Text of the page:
The main road (Winston Churchill Avenue) that connects Spain to Gibraltar crosses the airport runway. There is a traffic light to indicate whether the cars and pedestrians can cross the airport’s runway.
The road has to close every time a plane lands or departs from the airport, which can be up to
several times per day.
The Gibraltar airport offers direct flights to London, Manchester and Bristol. Book your flights here. If you’re arriving in Europe through London, then flying is the fastest way to reach Gibraltar and the South of Spain.
2. Gibraltar Nature Reserve
Most photos you’ve probably seen from Gibraltar are from the Gibraltar Nature Reserve.
The Nature Reserve includes
- The Rock of Gibraltar
- Upper Rock (Terrace and restaurant)
- Saint Michael’s Cave
- Apes’ Den
- the Moorish Castle
- Great Siege Tunnels
- Botanic Gardens
- O’Hara’s Battery
- Various Flora and Fauna
- Visitor Centers and others
These are all places that you will see if you walk on the main trails (paved) of the reserve. Note that the road goes all the way up to Upper Rock.
If you want to do all of this, it will take you almost the entire day. But know that there are other cool places worth visiting in Gibraltar.
If you want to cover everything there is to see, you’ll need at least 2 days in Gibraltar.
You can buy online tickets for the Gibraltar Nature Reserve here and save yourself the time queuing for the tickets. There are huge queues, so don’t waste hours waiting in line.
But don’t worry, the crowds seem to disperse once you enter the park. Also, most people seem to only see the highlights and leave after a couple of hours.
TIP: When visiting St. Michael’s cave, I’d recommend taking your time and admiring all the light shows. The interior is truly stunning, and I think it is one of the best spots in the entire reserve.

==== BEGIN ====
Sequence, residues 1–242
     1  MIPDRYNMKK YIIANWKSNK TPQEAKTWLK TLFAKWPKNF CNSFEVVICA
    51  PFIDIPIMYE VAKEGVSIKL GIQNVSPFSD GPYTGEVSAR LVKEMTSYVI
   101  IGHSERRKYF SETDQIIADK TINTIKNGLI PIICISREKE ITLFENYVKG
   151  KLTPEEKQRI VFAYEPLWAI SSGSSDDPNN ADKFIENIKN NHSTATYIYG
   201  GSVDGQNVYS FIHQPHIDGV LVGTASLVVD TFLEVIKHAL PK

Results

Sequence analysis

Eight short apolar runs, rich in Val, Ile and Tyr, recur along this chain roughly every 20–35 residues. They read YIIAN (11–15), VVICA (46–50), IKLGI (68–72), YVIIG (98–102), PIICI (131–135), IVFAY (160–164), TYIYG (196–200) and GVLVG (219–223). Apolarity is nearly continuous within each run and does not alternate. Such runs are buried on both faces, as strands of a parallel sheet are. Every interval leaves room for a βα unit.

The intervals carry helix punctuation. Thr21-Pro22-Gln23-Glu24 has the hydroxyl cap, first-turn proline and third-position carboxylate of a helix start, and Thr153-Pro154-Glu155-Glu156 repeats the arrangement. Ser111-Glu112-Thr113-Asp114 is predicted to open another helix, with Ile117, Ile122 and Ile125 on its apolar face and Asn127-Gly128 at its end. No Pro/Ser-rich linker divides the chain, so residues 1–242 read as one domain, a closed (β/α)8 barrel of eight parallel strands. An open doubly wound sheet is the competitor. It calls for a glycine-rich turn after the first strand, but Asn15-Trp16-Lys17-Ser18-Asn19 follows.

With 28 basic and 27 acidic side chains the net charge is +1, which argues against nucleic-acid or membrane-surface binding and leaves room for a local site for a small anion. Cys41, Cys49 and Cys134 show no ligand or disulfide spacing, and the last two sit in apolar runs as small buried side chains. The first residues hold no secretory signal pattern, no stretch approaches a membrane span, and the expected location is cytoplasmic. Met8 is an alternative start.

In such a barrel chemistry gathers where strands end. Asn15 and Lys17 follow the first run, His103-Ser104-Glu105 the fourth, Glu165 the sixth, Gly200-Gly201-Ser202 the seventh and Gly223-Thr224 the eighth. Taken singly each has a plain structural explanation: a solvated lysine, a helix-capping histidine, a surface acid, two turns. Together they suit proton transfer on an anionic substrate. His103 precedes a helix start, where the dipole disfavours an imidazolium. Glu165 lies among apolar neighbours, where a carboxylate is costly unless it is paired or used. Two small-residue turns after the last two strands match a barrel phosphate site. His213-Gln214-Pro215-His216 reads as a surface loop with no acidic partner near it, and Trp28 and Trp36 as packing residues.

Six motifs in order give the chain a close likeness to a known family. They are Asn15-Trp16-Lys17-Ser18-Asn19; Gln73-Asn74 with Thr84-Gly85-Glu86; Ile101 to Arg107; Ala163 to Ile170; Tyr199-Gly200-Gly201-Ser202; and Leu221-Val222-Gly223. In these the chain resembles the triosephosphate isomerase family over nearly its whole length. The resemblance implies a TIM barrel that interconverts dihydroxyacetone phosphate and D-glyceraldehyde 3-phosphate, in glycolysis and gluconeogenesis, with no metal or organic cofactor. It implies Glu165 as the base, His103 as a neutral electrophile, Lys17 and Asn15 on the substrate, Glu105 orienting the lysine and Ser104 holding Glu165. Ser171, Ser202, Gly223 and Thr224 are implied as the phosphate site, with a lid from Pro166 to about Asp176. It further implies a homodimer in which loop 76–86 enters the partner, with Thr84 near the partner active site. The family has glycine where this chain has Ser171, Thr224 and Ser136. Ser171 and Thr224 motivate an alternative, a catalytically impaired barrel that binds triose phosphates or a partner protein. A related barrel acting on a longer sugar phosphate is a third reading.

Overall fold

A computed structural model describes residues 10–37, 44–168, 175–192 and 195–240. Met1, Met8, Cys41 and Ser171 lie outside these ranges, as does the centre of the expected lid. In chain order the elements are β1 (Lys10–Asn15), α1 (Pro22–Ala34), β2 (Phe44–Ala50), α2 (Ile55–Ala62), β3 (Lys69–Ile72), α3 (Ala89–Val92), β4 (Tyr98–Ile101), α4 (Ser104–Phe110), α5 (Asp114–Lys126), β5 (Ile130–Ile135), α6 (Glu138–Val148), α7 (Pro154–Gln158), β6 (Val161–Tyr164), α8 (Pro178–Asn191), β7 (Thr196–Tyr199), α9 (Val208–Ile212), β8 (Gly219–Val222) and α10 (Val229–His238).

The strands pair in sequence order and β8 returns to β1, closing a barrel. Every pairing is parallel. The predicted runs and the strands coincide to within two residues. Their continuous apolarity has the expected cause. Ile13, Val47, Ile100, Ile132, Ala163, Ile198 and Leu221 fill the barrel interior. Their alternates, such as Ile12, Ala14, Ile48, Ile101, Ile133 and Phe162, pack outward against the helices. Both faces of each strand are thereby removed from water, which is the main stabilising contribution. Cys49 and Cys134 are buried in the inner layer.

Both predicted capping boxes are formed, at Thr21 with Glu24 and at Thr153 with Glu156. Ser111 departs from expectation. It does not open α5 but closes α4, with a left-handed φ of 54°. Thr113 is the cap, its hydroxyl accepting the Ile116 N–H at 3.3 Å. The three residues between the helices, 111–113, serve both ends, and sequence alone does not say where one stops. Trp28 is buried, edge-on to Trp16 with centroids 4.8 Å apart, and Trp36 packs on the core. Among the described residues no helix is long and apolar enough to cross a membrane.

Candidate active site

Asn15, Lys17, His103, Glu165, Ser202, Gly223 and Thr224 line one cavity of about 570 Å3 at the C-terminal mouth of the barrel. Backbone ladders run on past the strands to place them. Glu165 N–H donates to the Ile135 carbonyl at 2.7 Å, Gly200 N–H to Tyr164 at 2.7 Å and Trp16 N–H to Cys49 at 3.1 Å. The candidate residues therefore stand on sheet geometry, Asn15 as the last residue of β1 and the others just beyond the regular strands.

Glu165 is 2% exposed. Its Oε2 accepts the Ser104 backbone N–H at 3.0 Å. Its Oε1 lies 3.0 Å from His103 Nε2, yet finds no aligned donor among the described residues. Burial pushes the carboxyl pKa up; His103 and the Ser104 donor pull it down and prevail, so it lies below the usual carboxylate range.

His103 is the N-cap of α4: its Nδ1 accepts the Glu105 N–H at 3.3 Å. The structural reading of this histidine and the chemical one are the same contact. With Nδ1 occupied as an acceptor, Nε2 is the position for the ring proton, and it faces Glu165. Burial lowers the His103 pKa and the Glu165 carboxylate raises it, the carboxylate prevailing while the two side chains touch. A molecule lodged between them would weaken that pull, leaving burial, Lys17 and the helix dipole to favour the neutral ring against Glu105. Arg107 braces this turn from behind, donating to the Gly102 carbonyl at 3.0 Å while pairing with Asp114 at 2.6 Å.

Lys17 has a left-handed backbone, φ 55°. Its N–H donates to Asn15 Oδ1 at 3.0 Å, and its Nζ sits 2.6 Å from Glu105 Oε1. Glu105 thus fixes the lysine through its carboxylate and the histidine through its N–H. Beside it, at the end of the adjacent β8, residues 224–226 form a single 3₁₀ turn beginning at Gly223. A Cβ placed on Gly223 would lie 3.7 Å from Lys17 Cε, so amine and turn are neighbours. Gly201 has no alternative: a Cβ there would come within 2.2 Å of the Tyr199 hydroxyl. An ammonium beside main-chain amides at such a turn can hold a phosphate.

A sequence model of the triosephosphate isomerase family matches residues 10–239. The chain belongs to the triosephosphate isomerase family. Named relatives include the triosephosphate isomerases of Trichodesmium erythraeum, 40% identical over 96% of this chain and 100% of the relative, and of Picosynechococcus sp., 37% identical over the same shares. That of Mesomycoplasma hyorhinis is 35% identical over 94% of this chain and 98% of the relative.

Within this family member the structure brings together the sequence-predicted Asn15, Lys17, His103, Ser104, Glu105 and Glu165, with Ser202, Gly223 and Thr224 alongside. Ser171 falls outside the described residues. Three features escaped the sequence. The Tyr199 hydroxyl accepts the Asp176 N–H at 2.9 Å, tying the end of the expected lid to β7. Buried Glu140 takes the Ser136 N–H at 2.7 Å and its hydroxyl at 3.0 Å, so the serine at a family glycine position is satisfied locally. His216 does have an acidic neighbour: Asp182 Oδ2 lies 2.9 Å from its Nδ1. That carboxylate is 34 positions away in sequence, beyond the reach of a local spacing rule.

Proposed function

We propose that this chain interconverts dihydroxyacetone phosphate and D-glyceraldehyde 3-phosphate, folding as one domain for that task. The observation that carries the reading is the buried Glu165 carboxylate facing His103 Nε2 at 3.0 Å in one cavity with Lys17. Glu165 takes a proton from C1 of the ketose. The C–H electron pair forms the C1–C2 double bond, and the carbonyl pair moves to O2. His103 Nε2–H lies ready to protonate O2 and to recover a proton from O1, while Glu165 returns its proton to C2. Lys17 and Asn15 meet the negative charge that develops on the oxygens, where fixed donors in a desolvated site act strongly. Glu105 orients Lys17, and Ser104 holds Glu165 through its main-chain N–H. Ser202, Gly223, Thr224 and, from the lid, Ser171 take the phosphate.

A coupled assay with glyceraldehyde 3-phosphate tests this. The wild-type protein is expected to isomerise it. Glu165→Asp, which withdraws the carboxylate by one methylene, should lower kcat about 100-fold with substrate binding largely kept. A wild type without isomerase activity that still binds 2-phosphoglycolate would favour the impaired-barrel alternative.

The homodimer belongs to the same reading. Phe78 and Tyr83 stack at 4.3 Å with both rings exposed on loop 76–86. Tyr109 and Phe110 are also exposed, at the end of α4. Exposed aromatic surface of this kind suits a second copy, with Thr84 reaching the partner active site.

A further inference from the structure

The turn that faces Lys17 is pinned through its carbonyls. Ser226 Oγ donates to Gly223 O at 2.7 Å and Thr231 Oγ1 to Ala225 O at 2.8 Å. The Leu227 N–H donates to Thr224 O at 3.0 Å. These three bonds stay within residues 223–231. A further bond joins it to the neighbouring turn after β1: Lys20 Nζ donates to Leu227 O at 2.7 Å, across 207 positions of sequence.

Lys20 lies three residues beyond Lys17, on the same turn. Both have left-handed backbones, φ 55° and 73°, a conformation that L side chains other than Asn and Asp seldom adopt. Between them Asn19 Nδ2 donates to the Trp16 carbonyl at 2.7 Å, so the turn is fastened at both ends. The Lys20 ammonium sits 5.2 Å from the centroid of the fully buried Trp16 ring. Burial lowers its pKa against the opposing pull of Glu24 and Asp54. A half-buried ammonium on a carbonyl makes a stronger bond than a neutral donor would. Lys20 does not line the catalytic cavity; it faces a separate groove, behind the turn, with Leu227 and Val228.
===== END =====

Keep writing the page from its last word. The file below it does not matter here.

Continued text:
The cave is designed to be a circuit, so you will enter and exit in different places. At the end, you can take your photo as a souvenir (it costs extra).
If you decide to skip the cable car, then you can walk all the way up, see all stops and then take the cable car down. To do so, you will need to start at the bottom.
The closest public bus stop to the Upper Rock Nature Reserve is the final stop on Route No. 1, located near the entrance of Moorish Castle.
The Gibraltar Nature Reserve is open daily from 9:30 am to 7 pm (April – October) and 9 am to 6 pm (November to March).
The Nature Reserve is closed on 25th December and 1st January.
By the way, I was there in March, and it felt like summer. I was sweating.
Gibraltar has a cable car that takes you from the middle of the city all the way up to the rock.
Prices: £19 (one way). You can pay at the office by cash (pounds or Euros, but pounds is better because of the exchange rate) or by card (recommended).
Note that the cable car ticket is separate from the Gibraltar Nature Reserve, which you’ll also need to pay.
Note that there are only 2 cable cars, and each can fit only about 12 people. The trip takes about 6 minutes. The conclusion is that it takes forever to get up.
I was there in March and spent 2 hours in the queue for the tickets and for the cable car. I don’t recommend spending that much time waiting for the cable car.
In my defence, I thought that the queue would be short and it will move fast. I didn’t realise it was also a queue in the building and that it barely moved.
You can try to get there super early, just before they open at 9 am in summer or 9.30 in winter.
At the cable car office, you have the option to buy tickets for Nature Reserve and tickets for the cable car. You can also buy a road trip with the cable car or just one trip up if you decide to walk your way back.
I only took the cable car up and then followed the trail back, which takes you through all the other interest points, such as the Cave and ends with the Castle. There are maps and signs, so don’t worry.
Some local guides will offer a ride all the way up to the rock and then stop at all the attractions in the Gibraltar Nature Reserve. This is an alternative to the cable car, which is not cheap and can take forever.